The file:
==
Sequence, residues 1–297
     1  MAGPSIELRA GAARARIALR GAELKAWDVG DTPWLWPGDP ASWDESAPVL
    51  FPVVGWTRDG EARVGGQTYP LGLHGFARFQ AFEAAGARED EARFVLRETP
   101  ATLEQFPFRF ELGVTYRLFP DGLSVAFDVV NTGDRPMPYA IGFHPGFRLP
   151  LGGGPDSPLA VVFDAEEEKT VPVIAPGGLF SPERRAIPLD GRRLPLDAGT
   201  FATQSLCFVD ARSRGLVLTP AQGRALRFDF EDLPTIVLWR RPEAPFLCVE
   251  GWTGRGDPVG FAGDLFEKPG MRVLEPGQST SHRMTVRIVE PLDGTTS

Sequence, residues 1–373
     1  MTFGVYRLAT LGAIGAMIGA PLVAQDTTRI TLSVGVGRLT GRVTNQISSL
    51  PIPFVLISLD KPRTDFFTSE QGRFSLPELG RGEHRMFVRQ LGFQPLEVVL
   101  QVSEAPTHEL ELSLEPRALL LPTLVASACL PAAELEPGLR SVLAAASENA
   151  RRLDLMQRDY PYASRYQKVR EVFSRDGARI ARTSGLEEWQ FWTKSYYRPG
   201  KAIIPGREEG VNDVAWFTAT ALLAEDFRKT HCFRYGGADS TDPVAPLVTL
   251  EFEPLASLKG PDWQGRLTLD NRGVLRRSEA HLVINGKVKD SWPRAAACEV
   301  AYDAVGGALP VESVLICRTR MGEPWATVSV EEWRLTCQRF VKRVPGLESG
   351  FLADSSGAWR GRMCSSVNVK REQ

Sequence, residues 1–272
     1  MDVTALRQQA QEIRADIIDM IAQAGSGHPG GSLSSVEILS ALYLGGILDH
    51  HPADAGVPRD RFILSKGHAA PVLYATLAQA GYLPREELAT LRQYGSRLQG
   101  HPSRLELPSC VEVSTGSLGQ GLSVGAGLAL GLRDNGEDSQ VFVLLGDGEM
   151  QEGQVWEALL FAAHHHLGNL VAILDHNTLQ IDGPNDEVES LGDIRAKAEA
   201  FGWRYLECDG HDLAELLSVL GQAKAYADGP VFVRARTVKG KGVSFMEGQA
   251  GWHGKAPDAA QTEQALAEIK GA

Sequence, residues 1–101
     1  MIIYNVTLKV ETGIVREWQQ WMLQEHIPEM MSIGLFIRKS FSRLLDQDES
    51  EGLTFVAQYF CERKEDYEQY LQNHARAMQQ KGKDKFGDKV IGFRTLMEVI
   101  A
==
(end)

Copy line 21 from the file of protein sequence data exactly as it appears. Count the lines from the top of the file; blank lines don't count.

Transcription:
   151  QEGQVWEALL FAAHHHLGNL VAILDHNTLQ IDGPNDEVES LGDIRAKAEA